NEW YORK (TheBlaze/AP) — As if New York City cockroaches weren't infamous enough, a hardier species, never before seen in the United States, that could withstand harsh winters has landed.
Rutgers University insect biologists Jessica Ware and Dominic Evangelista said the species Periplaneta japonica is well documented in Asia but was never confirmed in the United States until now. The scientists, whose findings were published in the Journal of Economic Entomology, said that it is too soon to predict the impact but that there is probably little cause for concern.
In this Jan. 9, 2013 photo provided by the University of Florida, the male Periplaneta japonica is shown. The new strain of cockroach that can withstand harsh winter cold. (AP/University of Florida)
"Because this species is very similar to cockroach species that already exist in the urban environment," Evangelista said, "they likely will compete with each other for space and for food."
That competition, Ware said, will likely keep the population low, "because more time and energy spent competing means less time and energy to devote to reproduction."
Dominic Evangelista and Jessica Ware describe the species new the the United States in Rutgers' insect lab. (Photo credit: Rob Forman)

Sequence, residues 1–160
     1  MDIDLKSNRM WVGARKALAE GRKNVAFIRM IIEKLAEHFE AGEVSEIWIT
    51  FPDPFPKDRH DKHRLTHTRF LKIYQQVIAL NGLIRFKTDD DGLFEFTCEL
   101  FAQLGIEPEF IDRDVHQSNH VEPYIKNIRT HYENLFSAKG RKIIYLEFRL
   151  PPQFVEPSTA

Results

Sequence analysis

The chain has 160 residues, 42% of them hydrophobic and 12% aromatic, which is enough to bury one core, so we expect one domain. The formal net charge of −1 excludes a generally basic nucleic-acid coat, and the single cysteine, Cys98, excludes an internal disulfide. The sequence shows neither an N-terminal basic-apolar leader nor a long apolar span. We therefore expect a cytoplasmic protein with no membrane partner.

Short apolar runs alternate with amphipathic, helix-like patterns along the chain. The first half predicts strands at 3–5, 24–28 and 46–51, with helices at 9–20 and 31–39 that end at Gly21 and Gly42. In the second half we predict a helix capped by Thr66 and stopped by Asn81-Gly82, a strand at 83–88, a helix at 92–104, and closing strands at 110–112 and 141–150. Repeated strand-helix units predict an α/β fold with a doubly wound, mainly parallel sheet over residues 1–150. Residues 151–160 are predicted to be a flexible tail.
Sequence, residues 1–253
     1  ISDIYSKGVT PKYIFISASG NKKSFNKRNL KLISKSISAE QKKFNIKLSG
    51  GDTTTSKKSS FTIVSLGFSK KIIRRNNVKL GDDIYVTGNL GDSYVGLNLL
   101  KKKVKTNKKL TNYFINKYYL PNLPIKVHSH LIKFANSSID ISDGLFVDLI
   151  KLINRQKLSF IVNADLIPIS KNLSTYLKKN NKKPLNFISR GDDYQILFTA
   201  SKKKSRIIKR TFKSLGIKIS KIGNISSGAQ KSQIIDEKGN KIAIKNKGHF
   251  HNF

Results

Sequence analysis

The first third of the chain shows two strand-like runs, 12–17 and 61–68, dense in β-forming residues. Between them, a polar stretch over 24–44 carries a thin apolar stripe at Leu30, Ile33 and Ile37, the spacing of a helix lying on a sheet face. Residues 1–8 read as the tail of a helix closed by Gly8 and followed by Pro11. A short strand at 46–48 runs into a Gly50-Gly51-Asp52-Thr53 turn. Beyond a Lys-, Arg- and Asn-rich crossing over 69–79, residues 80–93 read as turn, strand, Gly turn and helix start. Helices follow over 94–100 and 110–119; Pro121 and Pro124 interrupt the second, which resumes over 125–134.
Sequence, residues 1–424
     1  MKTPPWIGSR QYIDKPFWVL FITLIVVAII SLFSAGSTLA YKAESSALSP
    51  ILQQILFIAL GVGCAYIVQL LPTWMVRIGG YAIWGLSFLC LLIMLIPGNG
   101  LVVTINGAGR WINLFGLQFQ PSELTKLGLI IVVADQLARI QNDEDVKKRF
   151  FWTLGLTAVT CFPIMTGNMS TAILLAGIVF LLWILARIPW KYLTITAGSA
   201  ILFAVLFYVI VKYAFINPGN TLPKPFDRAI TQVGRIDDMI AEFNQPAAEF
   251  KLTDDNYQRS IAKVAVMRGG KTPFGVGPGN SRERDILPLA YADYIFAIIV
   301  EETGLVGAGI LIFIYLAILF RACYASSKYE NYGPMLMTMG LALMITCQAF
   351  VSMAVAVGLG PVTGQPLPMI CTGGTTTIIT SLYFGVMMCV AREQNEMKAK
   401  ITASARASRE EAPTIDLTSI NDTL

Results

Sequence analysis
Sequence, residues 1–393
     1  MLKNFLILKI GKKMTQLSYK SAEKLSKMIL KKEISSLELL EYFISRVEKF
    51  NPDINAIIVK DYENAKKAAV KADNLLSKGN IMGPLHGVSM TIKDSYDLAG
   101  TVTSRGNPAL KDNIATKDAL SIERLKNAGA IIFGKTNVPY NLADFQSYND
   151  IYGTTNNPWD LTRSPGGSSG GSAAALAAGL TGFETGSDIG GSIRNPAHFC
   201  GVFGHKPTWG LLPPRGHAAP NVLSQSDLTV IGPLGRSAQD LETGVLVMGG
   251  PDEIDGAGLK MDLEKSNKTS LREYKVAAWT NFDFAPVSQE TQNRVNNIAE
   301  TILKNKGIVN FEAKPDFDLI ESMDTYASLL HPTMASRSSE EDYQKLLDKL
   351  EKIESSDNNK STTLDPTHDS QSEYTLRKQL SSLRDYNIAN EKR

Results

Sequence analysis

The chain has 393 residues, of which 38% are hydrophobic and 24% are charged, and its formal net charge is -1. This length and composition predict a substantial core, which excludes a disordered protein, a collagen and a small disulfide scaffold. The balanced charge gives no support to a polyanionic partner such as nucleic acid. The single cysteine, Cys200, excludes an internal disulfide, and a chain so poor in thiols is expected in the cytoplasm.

Michael Scharf, a professor of urban entomology at Purdue University, said the discovery is something to monitor.
"To be truly invasive, a species has to move in and take over and out-compete a native species," he said. "There's no evidence of that, but that doesn't mean we shouldn't be concerned about it."
The newcomer was first spotted in New York in 2012 by an exterminator working on the High Line, a park that turned a dilapidated stretch of elevated railway on Manhattan's West Side into one of New York's newest tourist attractions.
The scientists suspect the little critter was likely a stowaway in the soil of ornamental plants used to adorn the park. "Many nurseries in the United States have some native plants and some imported plants," Ware said. "It's not a far stretch to picture that that is the source."
Although, it has never been found in the United States before, the hardy insect has invaded New York City. Scientists believe that it�s too early to speculate, but they believe there is probably little cause for concern. (AP/University of Florida)
Periplaneta japonica has special powers not seen in the local roach population; it can survive outdoors in the freezing cold.
"There has been some confirmation that it does very well in cold climates, so it is very conceivable that it could live outdoors during winter in New York," Ware said. "I could imagine japonica being outside and walking around, though I don't know how well it would do in dirty New York snow."
The likelihood that the new species will mate with the locals to create a hybrid super-roach is slim.
"The male and female genitalia fit together like a lock and key, and that differs by species," Evangelista says. "So we assume that one won't fit the other."
Even if a super-bug isn't likely in our future, the researchers did say “they do very well as hitchhikers. So those in nearby areas could see the more resistant insect in the future.